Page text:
Behind the Maltex Building on Pine Street is a life-size copper sculpture of a man working a drill press. The figure commemorates Fred Barrett, a well-loved employee of Shelburne Shipyard who, according to local legend, never missed a day of work in his 60-year career.
You might wonder why “Fred Barrett,” created by Vermont sculptor Dennis Sparling, graces the Maltex Building. The former factory has little to do with shipwrights: It was built in 1900 for the Malted Cereal Company (later renamed Maltex) and is now an incubator building for small businesses. The place has a desirable postindustrial look — high ceilings, over- size windows, exposed beams, restored hardwood floors.
The Maltex’s owner, Derrick “Rick” Davis of Stowe, is delighted to explain why he commissioned the sculpture and had it installed in 1985, just a year after he bought the building. For one thing, he meant it as a tribute to Barrett’s “amazing work ethic.” Davis had worked with Barrett at the shipyards for four years following a post-college stint in the Navy.
But mostly, Davis thought the artwork was apropos for a structure that is a work of art itself.
“It’s just a fantastic building,” Davis enthuses on a recent walk through the brick edifice and its L-shaped, cinder-block wing, a single-story warehouse extension added around 1950. Davis, who looks to be in his mid-sixties but admits only to being 49, says the building was “just a shell” when he bought it from the Vermont Development Credit Union early in his 25-year career as a real estate developer. He has since redirected his energies — in 2000 he cofounded the Permanent Fund for the Well-Being of Vermont Children, an outgrowth of which is Mobius, a mentoring program. But Davis kept the Maltex.
Over the years Davis has made sure the aesthetically appealing building shows art year round. The hallways on all four floors typically display two semiannual collections curated by Burlington City Arts’ Art Sales and Leasing staff, and the building hosts artwork submitted to the annual South End Art Hop. At the 2010 Hop, this Friday and Saturday, the Maltex will be the focal point; in addition to the art inside, the building itself will be an aesthetic destination.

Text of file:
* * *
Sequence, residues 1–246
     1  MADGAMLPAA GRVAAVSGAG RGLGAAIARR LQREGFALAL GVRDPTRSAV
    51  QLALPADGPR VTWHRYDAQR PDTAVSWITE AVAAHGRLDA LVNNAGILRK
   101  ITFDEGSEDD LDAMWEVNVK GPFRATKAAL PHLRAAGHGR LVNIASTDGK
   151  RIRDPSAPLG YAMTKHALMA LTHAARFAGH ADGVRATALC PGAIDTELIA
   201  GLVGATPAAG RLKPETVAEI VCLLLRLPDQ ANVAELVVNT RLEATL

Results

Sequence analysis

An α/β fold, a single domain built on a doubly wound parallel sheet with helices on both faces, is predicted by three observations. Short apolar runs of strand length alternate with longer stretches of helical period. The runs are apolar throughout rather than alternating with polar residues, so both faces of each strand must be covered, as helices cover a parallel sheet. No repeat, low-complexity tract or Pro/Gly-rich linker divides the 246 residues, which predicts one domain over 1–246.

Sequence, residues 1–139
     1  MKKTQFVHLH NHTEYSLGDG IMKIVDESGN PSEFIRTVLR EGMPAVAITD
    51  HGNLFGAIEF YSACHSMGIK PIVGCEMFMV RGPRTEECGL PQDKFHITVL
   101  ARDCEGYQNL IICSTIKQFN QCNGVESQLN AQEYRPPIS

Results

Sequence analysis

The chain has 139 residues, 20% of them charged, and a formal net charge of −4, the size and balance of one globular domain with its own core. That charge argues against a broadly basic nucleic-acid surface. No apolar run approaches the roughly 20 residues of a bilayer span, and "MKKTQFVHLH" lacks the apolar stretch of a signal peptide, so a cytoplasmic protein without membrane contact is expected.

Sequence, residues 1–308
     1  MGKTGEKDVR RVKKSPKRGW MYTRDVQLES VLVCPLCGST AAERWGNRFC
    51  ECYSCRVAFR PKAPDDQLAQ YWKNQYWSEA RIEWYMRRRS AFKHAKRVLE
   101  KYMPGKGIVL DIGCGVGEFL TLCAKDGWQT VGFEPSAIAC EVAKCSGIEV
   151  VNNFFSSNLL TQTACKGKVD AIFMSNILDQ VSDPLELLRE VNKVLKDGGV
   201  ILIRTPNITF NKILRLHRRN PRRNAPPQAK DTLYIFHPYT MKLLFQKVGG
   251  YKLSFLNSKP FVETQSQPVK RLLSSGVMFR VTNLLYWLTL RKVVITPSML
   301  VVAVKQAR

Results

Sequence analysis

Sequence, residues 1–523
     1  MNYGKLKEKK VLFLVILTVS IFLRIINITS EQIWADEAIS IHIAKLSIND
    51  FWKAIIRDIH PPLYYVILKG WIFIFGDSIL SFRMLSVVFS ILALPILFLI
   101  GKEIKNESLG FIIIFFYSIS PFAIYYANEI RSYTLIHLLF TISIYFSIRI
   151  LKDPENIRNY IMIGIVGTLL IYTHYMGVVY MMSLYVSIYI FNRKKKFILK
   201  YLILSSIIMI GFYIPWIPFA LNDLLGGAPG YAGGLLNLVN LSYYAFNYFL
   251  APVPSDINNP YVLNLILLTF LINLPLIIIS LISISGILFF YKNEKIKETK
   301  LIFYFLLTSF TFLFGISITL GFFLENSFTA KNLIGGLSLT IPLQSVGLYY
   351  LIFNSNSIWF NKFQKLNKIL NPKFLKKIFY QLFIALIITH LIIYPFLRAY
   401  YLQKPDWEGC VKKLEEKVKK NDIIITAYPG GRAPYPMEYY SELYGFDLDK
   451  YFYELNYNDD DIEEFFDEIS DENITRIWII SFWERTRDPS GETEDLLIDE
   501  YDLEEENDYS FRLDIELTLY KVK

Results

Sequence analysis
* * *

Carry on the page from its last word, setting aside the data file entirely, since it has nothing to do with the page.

That’s because Davis has invested in large-scale renovations to the structure this year — the first since he bought it. Changes range from significant energy-efficiency measures to subtle use of paint to the installation of a landscaped garden. “The theme is the whole renaissance of the building,” says Davis. “After 25 years, it’s time to bring it into the 21st century.”
The most visible part of the renovations is the L-shaped wing’s new exterior on Pine Street. Chic corrugated metal and wood-composite panels now hide the forgettable salmon-colored cinder-block structure beneath. Cut into the metal are the building’s logo — the Barrett sculpture in silhouette — and name. The latter wraps around the corner of the L so that an uncapitalized “malt” faces east and “ex” faces north.
Steve Kredell, of TruexCullins in Burlington, was the chief architect on the job. “It’s a rain screen,” he explains of the eye-catching façade. “The [concrete block] is still the exterior skin, so we were able to perforate that metal without worrying about it.” Perforation was done with a high-precision water jet, according to architect Matthew Bushey, writing on the TruexCullins blog.
The inside corner of the L, accessed from the parking lot on the west side, received a much deeper makeover. The wing itself was converted from warehouse space to five high-ceilinged offices, some with original polished-concrete floors, or bamboo wall paneling. And the loading dock, where trucks once idled next to two huge Dumpsters, is now a garden with gravel swaths, clumped grasses, lawn, benches and a stunning handicap ramp, all designed by landscape architects H. Keith Wagner Partnership of Burlington.
“It’s another world,” Davis declares.
Pointing out the garden’s centerpiece — the curved ramp made of dark fascia board — Davis comments, “It’s pretty unusual; it’s like a piece of sculpture.”